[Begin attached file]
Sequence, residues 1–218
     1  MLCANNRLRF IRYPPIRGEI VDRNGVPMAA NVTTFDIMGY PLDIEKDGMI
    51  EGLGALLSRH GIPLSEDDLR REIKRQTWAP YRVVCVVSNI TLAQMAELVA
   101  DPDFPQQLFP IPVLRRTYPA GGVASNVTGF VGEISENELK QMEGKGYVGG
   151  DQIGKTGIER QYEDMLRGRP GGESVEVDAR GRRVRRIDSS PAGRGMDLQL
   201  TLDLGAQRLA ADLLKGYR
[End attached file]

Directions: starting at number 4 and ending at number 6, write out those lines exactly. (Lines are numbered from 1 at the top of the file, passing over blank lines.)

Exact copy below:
   101  DPDFPQQLFP IPVLRRTYPA GGVASNVTGF VGEISENELK QMEGKGYVGG
   151  DQIGKTGIER QYEDMLRGRP GGESVEVDAR GRRVRRIDSS PAGRGMDLQL
   201  TLDLGAQRLA ADLLKGYR